Instead, journalistic interlopers — sometimes including the author of this blog — were left to the always time consuming and often inconsistent mercies of Legislature’s security department, for which every day is a new day, to gain access to the building.
At the time, Rebel Media proprietor Ezra Levant had no interest in his organization joining the Press Gallery. He told me so himself. Now the United Conservative Party is the government and he has changed his mind. When the Gallery told him no, he promptly proceeded to threaten its members with legal action.
Among the letters sent by Rebel News Network’s lawyers was one stating that the Press Gallery “is a Postmedia dominated trade association” that “benefits from a dominant position in Alberta’s media landscape.” Accordingly, it continued, if the Press Gallery does not reverse its decision, “we have instructions to commence formal proceedings against Postmedia pursuant to the Competition Act … which regulates anti-competitive business practices in Canada.”
So despite the high-minded tone of last night’s editorial, it is also quite reasonable to suspect Postmedia hopes its quick withdrawal from the Gallery will let it escape the legal snare set for it by the Rebel’s lawyers.
There is also the reasonable question of whether many of the notoriously right-wing Post’s senior editors not so secretly sympathize with the Rebel’s point of view and would not be unhappy to see its staffers prowling the corridors of the Legislature.
Left unsaid in the editorial is whether Postmedia’s employees will be turning in the credentials issued by the Press Gallery that give them easy access to the Legislature without having to explain their business to an uninterested security guard who would prefer they just went away.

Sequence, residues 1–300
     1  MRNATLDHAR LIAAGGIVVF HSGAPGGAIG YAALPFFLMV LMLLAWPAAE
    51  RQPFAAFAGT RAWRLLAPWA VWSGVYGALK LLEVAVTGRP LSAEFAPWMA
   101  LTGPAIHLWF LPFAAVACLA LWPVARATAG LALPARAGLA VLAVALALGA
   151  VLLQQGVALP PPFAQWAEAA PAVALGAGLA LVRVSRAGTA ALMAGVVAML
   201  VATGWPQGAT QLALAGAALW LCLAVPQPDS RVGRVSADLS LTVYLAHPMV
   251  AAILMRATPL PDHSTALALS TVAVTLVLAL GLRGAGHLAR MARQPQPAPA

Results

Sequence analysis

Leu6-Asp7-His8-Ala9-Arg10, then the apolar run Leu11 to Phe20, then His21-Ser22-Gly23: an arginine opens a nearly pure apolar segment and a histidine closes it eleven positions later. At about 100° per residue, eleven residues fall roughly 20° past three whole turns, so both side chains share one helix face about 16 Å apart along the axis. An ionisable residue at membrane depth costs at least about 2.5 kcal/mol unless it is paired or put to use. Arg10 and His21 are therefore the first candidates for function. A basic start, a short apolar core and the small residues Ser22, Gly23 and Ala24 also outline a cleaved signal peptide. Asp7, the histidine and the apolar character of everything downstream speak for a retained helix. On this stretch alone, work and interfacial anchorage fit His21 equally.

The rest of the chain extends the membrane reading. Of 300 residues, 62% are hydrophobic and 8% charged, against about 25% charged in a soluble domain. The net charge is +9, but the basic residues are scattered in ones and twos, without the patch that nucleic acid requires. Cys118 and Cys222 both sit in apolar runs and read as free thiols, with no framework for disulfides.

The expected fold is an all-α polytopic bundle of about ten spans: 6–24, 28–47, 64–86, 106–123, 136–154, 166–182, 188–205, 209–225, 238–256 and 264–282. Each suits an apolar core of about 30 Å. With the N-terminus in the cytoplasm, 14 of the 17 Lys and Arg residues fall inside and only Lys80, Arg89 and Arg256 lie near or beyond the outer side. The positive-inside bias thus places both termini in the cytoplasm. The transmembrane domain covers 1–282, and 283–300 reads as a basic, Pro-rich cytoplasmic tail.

If not, it is likely the Speaker’s Office will soon hear from others in a similar position with complaints about unequal treatment for Postmedia reporters who, like them, are not Gallery members.
Then there is the matter of the office space in the Legislature provided for a nominal annual fee to Press Gallery members. Does Postmedia expect to somehow keep the keys, despite its absence from the Gallery?
Postmedia’s reporters will now have to suffer the inconvenience and indignity of working from the Edmonton Journal’s offices, several long blocks away from the Legislature.
One wonders if Postmedia thinks this can all be settled by the time the COVID-19 emergency is over and the Legislature Building is open again to normal business, its reporters welcome back to their congenial home in the basement.
As Duncan Kinney, the reporter for Progress Alberta quoted in the Post’s editorial, said last night, “I think the Press Gallery needs to get over itself!”
It’s an anachronism, essentially meaningless except as a gatekeeper for a couple of perks: a security pass to the building and publicly subsidized office space at the best address in Edmonton.
Otherwise, it’s completely irrelevant, as Postmedia just proved.
Sooner or later, like it or not, some responsible grownup in the Speaker’s Office is going to have to deal with this.